/employment-law-small-business-must-know/ Employment Law: What Small Business Owners Must Know - Business consulting and public speaking | Paul Samakow

As a small business owner, your employees rely on you to keep their environment safe and for things to be fair. To be sure you’re creating a healthy space for your employees, there are certain rules and regulations you must comply with. From the hiring process to letting someone go, each phase of employment has its own set of standards.

Remembering each and every law can seem overwhelming. With so many things on your plate, it can be easy to slip up or make a mistake. Unfortunately, just one misstep could cost you in a lawsuit.

Small and medium sized business in the United States face about a 12% chance of getting sued by an employee. To help you avoid infringing upon any of the employment laws, Here is a quick reference guide of what you need to know.

Understanding and Protecting Your Employees’ Rights

Regardless of your industry or the number of employees you have, each employee is guaranteed a set of basic rights. These rights state that the workplace must be safe and free from discrimination and harassment. They also state that employees have a right to privacy and to receive fair wages for the work they complete. Employees also have the right to be free from retaliation if they feel the need to file a claim or complaint.

If you are hiring new employees, you also need to be aware of the rights your applicants have. When going through the hiring process, you cannot discriminate against an applicant based on their age, gender, race, religion or national origin.

To ensure your employees’ rights are protected, there are federal laws in place that you must follow. Here are some of the most important:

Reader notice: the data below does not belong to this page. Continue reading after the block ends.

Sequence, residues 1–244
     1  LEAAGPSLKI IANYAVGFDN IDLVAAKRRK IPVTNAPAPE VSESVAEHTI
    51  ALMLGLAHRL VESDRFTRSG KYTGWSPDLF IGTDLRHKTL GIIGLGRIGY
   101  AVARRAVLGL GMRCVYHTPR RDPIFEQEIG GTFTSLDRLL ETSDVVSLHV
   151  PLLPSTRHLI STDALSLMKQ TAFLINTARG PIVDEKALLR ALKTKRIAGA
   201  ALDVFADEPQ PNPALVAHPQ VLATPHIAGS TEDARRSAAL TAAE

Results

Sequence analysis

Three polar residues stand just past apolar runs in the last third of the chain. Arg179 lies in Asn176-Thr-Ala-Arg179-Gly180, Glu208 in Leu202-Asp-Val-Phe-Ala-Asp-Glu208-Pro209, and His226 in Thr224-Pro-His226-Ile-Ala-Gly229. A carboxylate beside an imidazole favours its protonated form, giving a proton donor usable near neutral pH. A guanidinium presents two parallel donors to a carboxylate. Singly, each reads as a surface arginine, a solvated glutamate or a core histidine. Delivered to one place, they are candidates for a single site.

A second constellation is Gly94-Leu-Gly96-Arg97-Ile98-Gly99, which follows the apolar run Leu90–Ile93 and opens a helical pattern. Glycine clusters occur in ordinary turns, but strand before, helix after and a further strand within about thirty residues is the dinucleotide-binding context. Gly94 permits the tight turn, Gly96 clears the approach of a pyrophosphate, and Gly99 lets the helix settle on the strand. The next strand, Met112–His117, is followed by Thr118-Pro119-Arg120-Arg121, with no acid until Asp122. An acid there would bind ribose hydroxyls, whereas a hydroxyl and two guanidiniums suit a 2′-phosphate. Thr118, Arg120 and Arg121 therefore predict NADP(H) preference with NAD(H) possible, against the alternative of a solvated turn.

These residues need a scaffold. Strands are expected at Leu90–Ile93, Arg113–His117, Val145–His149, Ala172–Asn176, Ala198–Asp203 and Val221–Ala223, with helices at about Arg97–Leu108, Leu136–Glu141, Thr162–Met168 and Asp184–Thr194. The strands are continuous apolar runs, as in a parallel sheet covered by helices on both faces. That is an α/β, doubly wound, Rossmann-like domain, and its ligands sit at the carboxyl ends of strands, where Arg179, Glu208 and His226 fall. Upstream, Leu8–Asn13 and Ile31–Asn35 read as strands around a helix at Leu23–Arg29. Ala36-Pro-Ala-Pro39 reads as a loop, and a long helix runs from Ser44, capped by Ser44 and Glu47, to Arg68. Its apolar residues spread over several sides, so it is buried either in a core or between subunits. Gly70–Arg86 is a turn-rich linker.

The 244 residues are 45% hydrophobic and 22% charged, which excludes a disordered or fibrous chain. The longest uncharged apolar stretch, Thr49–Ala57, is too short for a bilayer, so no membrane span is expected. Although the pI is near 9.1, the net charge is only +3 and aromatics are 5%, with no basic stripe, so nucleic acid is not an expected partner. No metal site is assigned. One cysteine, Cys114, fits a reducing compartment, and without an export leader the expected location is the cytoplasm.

• Title VII of the Civil Rights Act of 1964: States that companies with more than fifteen employees cannot discriminate against job applicants based on race, color, national origin, sex or religion.

  • The Age Discrimination in Employment Act: If an employer has more than twenty employees, they are unable to favor younger employees over employees aged forty or older. Interestingly, the act does not address discriminating against younger employees.

  • The Americans with Disabilities Act: Under the ADA, employers cannot discriminate against employees because of a disability they have, as long as that disability does not prevent them from performing essential tasks. Disabilities include vision or hearing problems, being in a wheelchair or using a walker, and mental illnesses, just to name a few.

  • The Consolidated Omnibus Reconciliation Act of 1985: Also known as COBRA, this act states that employers must continue to provide health insurance to employees who are fired or laid off. This law only applies to companies with more than twenty employees.

  • The Equal Pay Act: Under the Equal Pay Act, employers must pay men and women the same salary for doing the same job.

  • The Fair Labor Standards Act: The Fair Labor Standards Act sets limitations for the number of hours an employee can work. It also sets regulations for the number of breaks the employer must provide and sets standards for overtime. The Fair Labor Standards Act determines the federal minimum wage and minimum age for employment. EVERY EMPLOYER MUST CHECK HIS OR HER STATE REQUIREMENTS!

  • The Family and Medical Leave Act: If an employee has worked for the company with fifty or more employees for at least twelve months, they must receive up to twelve weeks of leave for qualifying medical purposes, such as having a child. However, the law states that the employer does get to decide whether or not this is paid time off.

Infringing upon one of these laws could cause serious consequences for your business. To make certain you’re complying with each and every regulation for your small business, keep this guide handy and use it as a reference. Maintain an open dialogue with your employees and provide them with a clear system for bringing up issues and addressing concerns. This will allow you to solve problems before they reach a lawsuit level.